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State of Quantum Physics
December 18, 2003 10:13 PM   Subscribe

I'd like to read a readable, yet not dumbed-down account of the current state of quantum physics, addressing the famous paradoxes and directions modern research is taking. Any recommendations? [more inside]

I'm a mathematician by training but not a physicist, and I'm inspired to ask this question because I just finished reading Paradigms Lost (and its sequel) by John L. Casti and found his explanations less than clear. I'm not sure if this was my fault or his. I guess I'm probably looking for something less technical than a journal article, but more rigorous than the science section of the New York Times. Please help me!
posted by evinrude to Science & Nature (11 answers total) 2 users marked this as a favorite
 
How about Brian Greene's The Elegant Universe?
posted by obloquy at 11:48 PM on December 18, 2003


My physics major SO recommends:
John Gribben's Schrodinger's Kittens and the Search for Reality (1995), The Search for Superstrings, Symmetry, and the Theory of Everything (1998), In Search of Scrodinger's Cat (1984),
Kip S. Thorne's Black Holes and Time Warps (1994),
and Nigel Calder Einstin's Universe (1990).
posted by stoneegg21 at 12:34 AM on December 19, 2003


I'd recommend the online proceedings of something like the Lepton-Photon 2003 conference. Video and presentations are all online.

Much of it is more accesible than you might think (ignore the occasional intractable graph) since these are just overviews.

Try Witten's talk for example (which I saw.) Also this answers the second part of your question - the concerns of modern research: Tau measurements, Supersymmetry and the search for the Higgs boson, QCD theories, Neutrino physics, Kaon decay (CPT theorem validation), electro-weak interactions, Dark Energy... It's all there.
posted by vacapinta at 2:35 AM on December 19, 2003


the last chapter of rae is quite good, although perhaps it's out of date by now - http://www.amazon.co.uk/exec/obidos/ASIN/0750308397 . since it's part of a textbook, it's not full of fluff, but it left a good impression (i'm not at home, so can't check it now).
posted by andrew cooke at 3:47 AM on December 19, 2003


I should qualify this by saying that I know nothing about quantum physics, but my brother (who does know about quantum physics) asked for the book Quantum: A Guide for the Perplexed by Jim Al-Khalili for Christmas.
posted by chill at 5:23 AM on December 19, 2003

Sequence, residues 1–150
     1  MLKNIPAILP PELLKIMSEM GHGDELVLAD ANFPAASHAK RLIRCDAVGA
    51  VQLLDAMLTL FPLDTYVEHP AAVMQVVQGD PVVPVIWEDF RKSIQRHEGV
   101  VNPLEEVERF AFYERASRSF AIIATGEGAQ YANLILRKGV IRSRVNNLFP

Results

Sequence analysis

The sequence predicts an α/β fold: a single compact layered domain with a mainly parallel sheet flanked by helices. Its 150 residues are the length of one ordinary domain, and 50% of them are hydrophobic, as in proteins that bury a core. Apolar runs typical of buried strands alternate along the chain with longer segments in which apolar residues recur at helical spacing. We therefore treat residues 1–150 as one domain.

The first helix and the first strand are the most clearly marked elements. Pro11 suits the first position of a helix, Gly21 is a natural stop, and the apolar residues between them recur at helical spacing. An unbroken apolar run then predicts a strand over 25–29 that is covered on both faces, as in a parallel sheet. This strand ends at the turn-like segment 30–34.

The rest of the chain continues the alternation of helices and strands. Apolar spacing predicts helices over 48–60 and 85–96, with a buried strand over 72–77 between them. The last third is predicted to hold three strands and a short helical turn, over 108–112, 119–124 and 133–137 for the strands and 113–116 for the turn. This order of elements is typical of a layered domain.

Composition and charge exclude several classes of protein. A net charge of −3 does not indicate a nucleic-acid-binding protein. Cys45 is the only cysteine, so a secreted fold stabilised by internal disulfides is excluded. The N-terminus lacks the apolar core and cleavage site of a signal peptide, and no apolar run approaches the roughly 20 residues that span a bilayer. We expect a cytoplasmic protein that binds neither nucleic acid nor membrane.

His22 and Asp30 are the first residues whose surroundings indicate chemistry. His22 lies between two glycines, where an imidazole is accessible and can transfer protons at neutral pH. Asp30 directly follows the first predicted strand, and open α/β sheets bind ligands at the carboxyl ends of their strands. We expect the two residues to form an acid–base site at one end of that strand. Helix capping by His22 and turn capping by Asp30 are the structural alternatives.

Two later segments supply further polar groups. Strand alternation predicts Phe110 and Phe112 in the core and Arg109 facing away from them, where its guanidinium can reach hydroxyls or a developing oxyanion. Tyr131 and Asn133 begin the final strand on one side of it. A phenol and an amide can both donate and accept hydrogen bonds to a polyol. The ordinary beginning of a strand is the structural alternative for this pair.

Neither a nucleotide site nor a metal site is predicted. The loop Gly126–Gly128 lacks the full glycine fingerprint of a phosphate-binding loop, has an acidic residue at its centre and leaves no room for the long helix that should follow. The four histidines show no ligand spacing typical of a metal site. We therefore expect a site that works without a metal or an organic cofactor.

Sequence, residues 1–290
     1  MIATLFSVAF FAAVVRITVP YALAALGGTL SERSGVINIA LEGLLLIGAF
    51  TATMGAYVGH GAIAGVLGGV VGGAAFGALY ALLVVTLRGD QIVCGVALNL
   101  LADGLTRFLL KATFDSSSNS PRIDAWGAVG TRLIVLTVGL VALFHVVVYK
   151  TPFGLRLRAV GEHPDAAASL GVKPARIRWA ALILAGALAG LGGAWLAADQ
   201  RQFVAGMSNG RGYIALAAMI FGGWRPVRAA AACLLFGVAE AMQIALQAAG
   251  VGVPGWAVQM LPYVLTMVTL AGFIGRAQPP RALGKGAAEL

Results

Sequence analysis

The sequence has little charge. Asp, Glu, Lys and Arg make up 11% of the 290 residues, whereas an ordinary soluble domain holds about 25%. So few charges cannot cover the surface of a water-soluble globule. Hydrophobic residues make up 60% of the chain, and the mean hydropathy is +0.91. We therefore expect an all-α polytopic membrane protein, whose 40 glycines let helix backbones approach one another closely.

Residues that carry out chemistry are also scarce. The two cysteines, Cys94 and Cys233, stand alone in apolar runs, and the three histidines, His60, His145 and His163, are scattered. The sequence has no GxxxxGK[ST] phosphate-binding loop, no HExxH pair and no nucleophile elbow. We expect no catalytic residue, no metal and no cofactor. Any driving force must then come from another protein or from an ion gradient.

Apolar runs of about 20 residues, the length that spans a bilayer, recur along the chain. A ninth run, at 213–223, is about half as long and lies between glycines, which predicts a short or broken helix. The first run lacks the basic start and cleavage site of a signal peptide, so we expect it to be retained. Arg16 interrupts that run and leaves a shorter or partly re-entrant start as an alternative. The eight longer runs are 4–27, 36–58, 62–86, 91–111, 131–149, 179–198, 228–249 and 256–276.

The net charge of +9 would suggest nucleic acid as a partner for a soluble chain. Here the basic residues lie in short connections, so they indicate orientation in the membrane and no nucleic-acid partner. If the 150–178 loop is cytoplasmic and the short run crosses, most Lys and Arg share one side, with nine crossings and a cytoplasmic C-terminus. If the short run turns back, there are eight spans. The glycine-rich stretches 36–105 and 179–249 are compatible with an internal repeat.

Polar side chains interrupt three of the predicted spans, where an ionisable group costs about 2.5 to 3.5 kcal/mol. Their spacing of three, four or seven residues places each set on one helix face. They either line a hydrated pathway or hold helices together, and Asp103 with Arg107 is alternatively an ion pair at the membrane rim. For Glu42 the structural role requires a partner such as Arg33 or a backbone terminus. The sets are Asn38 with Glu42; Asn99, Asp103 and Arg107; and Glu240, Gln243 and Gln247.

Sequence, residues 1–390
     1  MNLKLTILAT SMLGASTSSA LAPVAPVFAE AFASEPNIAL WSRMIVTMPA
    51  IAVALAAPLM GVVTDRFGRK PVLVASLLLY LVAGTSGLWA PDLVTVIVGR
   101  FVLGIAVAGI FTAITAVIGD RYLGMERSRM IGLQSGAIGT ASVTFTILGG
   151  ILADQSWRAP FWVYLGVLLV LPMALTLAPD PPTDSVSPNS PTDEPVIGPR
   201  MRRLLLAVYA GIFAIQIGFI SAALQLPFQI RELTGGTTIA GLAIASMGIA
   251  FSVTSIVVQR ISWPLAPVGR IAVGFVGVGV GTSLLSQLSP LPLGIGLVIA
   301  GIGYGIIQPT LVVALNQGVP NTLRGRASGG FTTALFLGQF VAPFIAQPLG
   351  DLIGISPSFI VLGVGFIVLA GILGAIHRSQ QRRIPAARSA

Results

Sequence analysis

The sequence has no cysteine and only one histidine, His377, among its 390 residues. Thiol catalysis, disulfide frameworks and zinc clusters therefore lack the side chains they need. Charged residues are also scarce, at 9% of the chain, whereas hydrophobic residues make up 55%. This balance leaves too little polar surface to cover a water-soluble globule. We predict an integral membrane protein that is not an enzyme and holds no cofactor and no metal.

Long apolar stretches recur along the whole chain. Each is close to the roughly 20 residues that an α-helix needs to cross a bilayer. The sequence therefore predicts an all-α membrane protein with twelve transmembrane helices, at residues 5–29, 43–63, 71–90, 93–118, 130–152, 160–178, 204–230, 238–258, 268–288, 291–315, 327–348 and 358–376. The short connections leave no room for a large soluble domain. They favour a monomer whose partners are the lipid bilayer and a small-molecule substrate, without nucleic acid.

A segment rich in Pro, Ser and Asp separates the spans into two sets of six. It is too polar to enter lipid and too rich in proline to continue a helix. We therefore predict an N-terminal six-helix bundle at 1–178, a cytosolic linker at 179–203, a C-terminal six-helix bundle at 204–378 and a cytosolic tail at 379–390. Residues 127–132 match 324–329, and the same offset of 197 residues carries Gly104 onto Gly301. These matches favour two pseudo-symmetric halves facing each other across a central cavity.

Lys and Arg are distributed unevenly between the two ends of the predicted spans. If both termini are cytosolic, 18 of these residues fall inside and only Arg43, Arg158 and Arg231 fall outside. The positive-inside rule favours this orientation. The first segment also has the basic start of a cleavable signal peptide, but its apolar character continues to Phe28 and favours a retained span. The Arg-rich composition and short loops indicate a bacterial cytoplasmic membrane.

Second the recommendation for The Elegant Universe. I have to confess I didn't finish the book, I only got about 2/3rds the way through due to time and other factors, but what I did read of it was very well written and enjoyable. Brian Greene has a knack of using appropriate and elegant analogies to explain difficult concepts like compactified dimensions.
posted by adrianhon at 6:08 AM on December 19, 2003


I like the dated, but still useful Quantum Mechanics and the Particles of Nature : An Outline for Mathematicians by Anthony Sudbery. This is not a popularization book. It's for the mathematically-inclinded interested in reading Phys. Rev. B without upper undergraduate physics. It assumes first- or second-year math (you should be comfortable with PDEs), but nothing else.

It covers basic QM and the Standard Model, as of about 1985. Some things have changed considerably since then, frex, I don't think Sudbery mentions quantum gravity or string theory, but the book is a good, not-too-basic introduction to classical and special-relativity QM.
posted by bonehead at 6:47 AM on December 19, 2003


evinrude, this will probably be too basic and dated for you, but I loved it and so must mention it: Alice in Quantumland: An Allegory of Quantum Physics, by Robert Gilmore.
posted by clever sheep at 10:35 AM on December 19, 2003


Physics graduate student checking in. It sounds like you're looking more for books like In Search of Schrödinger's Cat and Schrödinger's Kittens than books like The Elegant Universe. The latter deals with one of the more interesting directions of modern research, but the former two books are the ones that really get into the "paradoxes" of quantum mechanics.

If you're willing to try something a little more advanced, you might check out Speakable and Unspeakable in Quantum Mechanics, a collection of essays by John Bell.

Footnote: Contrary to what Brian Greene would have you believe, not everyone in physics thinks string theory is the greatest thing since sliced bread.
posted by Johnny Assay at 11:17 AM on December 19, 2003


Wow! thanks, everyone. I suppose I will check out one of the Gribbin books (probably the more recent one) as well as The Elegant Universe. Excellent. Thanks so much.
posted by evinrude at 11:23 AM on December 19, 2003


It's a video or audio course rather than a book, but I highly recommend: Particle Physics for Non-Physicists: A Tour of the Microcosmos. It covers the standard model, the particle zoo, super symmetry and some string theory. It's not more than 2 or 3 years old.

Also recommended is Einstein's Relativity and the Quantum Revolution: Modern Physics for Non-Scientists, 2nd Edition. It covers relativity and quantum mechanics and would be a good introduction before the Particle Physics course.
posted by turbodog at 11:54 AM on December 19, 2003


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